Musings on Torn. A Kindred Spirit.

As I mentioned in yesterday’s post, I’ve been reading Justin Lee’s book, “Torn:  Rescuing the Gospel From the Gays vs. Christians Debate.”  I have a little less than 100 pages (out of the total 259 pages) to read.  While there are some things in Justin’s book that I take issue with — such as his tendency to fall into the trap of focusing on showings how Christianity stands out from all other religions — there is much in the book that I like.

In truth, there’s much in the book that I can identify with.  I can relate to the whole concept of being “God Boy” (though no one called me that and I don’t think I was quite as outspoken as he was) and “having a secret” while growing up.  I resonated greatly when he started talking about his initial reactions when he first started discovering his feelings for other boys.  Justin puts it thus:

At first I had ignored the feelings.  Puberty is a confusing time, after all, so I assumed these attractions to guys were just some sort of weird phase I had to pass through as I matured.  I’d heard Christian authorities such as radio host Dr. James Dobson say that young teenagers sometimes went through a period of sexual confusion, and this seemed to be the proof.

I too remember telling myself that I was just going through a phase when my sexual feelings for other boys first started surfacing.  And yes, I seem to recall various religious experts — most likely including James Dobson — saying things to encourage that kind of thinking.

In some ways, I can also related to his awakening to the realization that he had no sexual interest in girls as a teenager.  Justin writes:

As teenagers, my guy friends had become interested in girls in a different way, and they talked eagerly about their eyes and lips and breasts and legs.  I avoided these conversations, telling myself that the reason I didn’t lust after women was that I was a good Christian boy.  Lust was a sin, so I convinced myself I just didn’t objectify women the way some of my friends did.  That wouldn’t have been Christlike, after all.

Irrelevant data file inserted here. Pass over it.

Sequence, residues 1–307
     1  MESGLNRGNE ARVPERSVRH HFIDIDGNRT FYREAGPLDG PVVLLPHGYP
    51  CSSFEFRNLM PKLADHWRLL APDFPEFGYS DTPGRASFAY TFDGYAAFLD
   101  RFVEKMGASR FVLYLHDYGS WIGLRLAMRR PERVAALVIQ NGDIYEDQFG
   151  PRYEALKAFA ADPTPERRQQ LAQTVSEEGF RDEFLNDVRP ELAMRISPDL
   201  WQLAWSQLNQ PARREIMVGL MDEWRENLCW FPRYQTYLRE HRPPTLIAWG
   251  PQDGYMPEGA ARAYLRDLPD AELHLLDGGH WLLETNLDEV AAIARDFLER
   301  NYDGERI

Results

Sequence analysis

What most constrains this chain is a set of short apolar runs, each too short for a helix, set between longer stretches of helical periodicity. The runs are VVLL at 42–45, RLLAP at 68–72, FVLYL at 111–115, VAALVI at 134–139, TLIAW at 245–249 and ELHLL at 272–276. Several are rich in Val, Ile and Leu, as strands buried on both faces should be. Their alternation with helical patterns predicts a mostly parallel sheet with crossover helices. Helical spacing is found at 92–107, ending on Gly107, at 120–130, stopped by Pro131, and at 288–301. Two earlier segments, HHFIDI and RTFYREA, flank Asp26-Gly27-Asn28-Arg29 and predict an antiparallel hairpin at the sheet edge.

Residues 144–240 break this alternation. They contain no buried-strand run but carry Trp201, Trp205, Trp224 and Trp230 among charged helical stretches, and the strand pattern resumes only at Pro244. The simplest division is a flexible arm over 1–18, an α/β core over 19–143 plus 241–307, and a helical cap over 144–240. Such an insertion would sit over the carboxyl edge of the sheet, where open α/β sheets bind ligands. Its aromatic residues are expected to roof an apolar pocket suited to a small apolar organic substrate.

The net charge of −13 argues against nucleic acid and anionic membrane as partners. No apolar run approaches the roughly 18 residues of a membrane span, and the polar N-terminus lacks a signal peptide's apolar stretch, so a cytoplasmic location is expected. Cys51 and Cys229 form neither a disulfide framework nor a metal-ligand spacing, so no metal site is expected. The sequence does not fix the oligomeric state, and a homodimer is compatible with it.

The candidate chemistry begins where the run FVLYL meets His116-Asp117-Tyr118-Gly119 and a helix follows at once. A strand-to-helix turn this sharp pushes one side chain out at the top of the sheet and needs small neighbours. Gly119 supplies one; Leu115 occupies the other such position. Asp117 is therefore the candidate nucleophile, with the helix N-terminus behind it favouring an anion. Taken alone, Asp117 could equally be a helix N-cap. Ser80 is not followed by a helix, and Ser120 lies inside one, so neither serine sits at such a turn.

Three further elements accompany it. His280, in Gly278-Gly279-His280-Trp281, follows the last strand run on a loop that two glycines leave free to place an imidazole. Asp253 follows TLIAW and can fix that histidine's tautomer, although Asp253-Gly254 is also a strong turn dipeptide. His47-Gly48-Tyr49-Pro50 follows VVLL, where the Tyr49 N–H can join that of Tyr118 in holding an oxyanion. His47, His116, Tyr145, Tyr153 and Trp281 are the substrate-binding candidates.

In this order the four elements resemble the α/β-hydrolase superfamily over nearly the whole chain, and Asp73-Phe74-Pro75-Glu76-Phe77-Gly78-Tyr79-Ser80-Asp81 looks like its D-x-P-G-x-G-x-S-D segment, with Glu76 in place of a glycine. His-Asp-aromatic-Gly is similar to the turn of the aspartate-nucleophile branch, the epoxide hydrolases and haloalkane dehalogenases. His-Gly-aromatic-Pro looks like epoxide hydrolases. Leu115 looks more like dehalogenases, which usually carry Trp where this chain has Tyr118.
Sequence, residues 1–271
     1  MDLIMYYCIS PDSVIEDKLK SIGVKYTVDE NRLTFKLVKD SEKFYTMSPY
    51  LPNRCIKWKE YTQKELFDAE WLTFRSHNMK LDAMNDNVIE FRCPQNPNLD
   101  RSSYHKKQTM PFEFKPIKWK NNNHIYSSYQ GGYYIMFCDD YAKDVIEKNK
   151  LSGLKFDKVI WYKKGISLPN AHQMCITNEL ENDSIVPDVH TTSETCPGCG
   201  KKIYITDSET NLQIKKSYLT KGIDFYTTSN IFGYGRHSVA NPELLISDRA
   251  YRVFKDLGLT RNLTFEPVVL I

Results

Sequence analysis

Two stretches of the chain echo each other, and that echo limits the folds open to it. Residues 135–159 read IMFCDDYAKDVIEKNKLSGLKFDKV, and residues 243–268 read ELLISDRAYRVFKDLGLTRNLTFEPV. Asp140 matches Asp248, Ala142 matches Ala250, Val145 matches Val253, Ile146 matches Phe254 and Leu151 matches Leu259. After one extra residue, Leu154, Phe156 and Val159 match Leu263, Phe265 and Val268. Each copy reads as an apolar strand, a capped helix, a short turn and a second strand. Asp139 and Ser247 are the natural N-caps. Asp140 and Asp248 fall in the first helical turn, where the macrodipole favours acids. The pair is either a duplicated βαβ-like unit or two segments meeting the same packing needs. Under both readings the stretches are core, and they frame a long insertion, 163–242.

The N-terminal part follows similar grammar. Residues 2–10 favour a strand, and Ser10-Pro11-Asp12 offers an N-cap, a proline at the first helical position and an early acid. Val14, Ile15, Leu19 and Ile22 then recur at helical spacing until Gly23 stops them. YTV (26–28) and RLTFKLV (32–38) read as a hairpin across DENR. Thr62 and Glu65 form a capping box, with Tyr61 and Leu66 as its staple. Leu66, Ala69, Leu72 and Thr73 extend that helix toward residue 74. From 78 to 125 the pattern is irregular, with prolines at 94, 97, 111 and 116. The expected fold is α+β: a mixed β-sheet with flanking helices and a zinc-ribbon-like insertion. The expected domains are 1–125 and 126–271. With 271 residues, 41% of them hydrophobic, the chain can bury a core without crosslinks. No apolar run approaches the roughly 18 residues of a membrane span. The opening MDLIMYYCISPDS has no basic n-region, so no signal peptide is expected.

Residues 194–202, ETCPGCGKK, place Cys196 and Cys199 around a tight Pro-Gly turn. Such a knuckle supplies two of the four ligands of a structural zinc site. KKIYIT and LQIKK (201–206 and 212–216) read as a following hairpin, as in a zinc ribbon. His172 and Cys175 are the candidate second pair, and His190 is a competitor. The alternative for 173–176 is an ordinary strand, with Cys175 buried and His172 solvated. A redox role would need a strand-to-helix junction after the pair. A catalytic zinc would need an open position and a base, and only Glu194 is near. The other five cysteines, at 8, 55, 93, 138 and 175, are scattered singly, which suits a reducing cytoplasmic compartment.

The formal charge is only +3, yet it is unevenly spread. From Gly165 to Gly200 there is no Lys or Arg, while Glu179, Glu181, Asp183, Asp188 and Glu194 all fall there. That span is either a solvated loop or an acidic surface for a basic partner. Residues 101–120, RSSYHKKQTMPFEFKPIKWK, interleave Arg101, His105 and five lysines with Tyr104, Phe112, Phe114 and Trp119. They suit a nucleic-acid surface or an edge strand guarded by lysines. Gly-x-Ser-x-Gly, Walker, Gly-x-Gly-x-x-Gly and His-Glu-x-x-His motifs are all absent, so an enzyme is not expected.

I remember a couple of boys in my class that began talking about girls’ anatomy and “humping” them (I’m sure that latter part was all talk) as early as the fourth grade.  And at the time I took my failure to have any interest in such things — like Justin — as simply a matter that “good Christian boys” didn’t think about such things.  (In some ways, I still feel that was true, given just how young we were at that time.)

However, as time went by, I became more keenly aware of just how uninterested I was in girls and just how bizarre this really was.  I remember one night when I was in high school, I lay in my bed and actually tried imagining kissing the female classmate that I was allegedly interested in (in fairness, I did think she was a great person and would have loved to spend more time with her as a friend).  Not only could I not imagine doing so, the thought left me feeling cold and a little bit disturbed.  And that realization left me feeling even more disturbed.
I think that was one of the first times when I really began to wonder what was “wrong” with me.

So in many ways, while there are some things that I don’t agree with Justin on — and there are one or two things I’m still waiting to see how they play out in the rest of the book before I express concerns — there are many ways in which I find myself nodding along as he recounts his experiences.

In many ways, I think that’s a good thing.  One of the central themes of his story seems to be that no one was there who understood, and that’s a theme I can relate to.  I think that’s a theme that many LGBT people — and especially those who grew up within evangelical Christianity — can relate to.  In many ways, Justin’s book is a way of letting those who may now be going through those experiences know that they are not the first and there are those who can relate and understand.

I’m not sure whether Justin’s goal of rescuing the gospel from the “gays vs. Christians” debate will be met, but that sense of offering understanding and camaraderie to those who came after both of us strikes me as something that makes his book priceless.

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